Last month (Aug 2018), we presented a paper at the Institute of British Geographers and Royal Geographical Society Annual Conference in Cardiff, talking about the challenges parents face in moving between different care settings. Following on from this, we wanted to share some of our findings around three key themes: feeding, sleep, and social acceptance. These themes, or concerns of care, are not in or of themselves particularly remarkable and will be of no surprise to most. However, each of them has important implications for how new parents move across the city, access services, and even manage care at home, which are often overlooked.
Increasingly in the UK, mothers are being urged to breastfeed their babies. Whilst a high percentage of mothers try breastfeeding, a relatively small amount continue up to the World Health Organization’s recommended 6-month mark. Some research around why this is the case has pointed to the fact that public spaces and attitudes still often remain hostile to breastfeeding, making mothers feel ashamed or excluded. Another reason for this, however, is that breastfeeding a small child, whilst balancing other commitments, is simply very challenging, and can require complex juggling to make it work.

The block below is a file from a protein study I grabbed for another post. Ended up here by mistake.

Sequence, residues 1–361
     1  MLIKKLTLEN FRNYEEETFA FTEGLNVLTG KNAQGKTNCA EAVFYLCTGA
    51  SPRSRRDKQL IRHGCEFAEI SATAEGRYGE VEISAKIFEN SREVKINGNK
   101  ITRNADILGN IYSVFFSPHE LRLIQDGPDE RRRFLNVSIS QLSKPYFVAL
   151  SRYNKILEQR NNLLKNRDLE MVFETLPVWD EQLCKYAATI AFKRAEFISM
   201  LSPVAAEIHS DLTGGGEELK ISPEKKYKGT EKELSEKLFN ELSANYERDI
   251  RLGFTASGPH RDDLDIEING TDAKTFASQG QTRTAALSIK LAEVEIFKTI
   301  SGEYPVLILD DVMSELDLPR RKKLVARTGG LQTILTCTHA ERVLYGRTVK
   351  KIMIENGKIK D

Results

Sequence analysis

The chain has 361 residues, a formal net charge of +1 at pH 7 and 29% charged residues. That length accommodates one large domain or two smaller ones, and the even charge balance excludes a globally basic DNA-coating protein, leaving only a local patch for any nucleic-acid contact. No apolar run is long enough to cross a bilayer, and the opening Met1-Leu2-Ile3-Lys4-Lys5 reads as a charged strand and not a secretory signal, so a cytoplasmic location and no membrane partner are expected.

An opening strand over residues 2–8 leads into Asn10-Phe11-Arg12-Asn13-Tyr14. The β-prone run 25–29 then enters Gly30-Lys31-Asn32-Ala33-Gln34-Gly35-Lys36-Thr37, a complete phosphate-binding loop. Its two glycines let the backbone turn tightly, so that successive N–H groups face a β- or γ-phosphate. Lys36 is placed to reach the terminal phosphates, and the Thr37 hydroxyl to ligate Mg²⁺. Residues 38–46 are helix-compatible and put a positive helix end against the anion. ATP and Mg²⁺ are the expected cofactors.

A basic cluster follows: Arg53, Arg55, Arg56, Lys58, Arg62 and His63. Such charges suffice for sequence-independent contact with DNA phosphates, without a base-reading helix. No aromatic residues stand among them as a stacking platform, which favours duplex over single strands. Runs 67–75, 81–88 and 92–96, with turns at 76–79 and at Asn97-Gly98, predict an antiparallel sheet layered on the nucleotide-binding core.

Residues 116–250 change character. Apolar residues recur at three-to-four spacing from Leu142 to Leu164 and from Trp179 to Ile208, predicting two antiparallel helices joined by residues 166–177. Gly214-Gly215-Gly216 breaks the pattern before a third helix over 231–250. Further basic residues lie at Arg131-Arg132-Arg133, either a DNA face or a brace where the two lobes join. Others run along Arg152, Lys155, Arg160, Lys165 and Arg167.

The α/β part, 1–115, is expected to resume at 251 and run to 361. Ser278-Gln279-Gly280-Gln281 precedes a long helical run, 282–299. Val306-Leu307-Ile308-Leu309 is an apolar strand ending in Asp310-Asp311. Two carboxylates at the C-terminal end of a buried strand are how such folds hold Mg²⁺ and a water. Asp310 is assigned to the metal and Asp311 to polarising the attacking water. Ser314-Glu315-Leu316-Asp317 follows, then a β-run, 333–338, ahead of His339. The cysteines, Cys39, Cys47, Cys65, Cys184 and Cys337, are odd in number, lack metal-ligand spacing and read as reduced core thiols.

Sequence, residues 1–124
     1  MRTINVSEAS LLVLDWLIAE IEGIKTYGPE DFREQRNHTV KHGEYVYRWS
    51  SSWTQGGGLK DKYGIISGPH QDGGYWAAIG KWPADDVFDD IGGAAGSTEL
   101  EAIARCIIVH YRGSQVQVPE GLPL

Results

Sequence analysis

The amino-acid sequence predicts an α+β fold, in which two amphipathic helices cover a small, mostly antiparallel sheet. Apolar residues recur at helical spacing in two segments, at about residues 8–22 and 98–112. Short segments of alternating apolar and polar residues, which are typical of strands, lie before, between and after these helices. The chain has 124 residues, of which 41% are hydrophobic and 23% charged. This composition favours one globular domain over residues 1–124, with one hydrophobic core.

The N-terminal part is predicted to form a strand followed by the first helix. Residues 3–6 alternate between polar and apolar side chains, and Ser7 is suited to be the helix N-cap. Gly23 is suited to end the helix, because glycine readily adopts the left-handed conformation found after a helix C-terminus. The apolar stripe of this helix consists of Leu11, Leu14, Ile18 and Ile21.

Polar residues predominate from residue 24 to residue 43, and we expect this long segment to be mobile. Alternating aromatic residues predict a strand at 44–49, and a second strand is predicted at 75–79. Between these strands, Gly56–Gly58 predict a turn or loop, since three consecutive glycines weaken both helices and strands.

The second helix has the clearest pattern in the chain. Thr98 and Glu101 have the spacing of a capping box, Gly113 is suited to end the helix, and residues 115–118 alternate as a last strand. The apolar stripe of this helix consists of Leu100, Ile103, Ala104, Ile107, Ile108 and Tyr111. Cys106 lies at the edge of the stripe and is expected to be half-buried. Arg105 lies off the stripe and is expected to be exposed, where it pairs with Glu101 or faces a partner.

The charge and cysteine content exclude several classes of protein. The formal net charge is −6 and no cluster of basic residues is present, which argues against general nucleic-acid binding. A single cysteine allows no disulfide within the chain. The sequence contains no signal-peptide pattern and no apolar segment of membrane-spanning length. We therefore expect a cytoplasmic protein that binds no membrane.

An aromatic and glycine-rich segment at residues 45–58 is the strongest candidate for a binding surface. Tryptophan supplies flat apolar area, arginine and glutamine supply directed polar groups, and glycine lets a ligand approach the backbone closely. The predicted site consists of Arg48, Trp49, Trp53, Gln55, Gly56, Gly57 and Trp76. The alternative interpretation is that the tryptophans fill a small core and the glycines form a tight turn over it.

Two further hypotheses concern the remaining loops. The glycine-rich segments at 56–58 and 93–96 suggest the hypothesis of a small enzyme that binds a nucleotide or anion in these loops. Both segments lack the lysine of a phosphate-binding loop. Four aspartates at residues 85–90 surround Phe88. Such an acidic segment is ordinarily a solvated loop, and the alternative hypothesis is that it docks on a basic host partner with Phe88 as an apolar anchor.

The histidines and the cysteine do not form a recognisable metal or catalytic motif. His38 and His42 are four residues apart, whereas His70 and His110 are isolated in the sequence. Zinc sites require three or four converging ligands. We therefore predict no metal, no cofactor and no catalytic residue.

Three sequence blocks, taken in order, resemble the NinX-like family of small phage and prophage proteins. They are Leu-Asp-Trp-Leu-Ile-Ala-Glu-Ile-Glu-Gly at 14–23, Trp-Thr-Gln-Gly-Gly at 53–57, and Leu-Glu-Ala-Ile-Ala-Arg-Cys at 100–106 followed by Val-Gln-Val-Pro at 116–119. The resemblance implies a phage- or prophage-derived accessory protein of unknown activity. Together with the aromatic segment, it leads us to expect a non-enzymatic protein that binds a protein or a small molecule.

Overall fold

As we all know, babies vary widely. Some feed quickly and hungrily, while others can take over an hour on the breast to become content. Others can have difficulty latching on, or can have conditions such as tongue-tie, which can mean that they feed for long amounts of time without necessarily getting enough milk to be full or healthy. And while some babies settle into routines fairly easily, others resist any sort of regular timing, simply demanding feeding as and when they are hungry. So while some mothers find breastfeeding easy and simple, others, through no fault of their own, can find it to be tiring, time-consuming, and fraught with uncertainty. Even for those who do not breastfeed directly, but who may express breast milk, as well for as those who use formula, the challenges of feeding still include managing timings and moods, alongside tasks such as sterilising bottles and waiting for milk to cool down.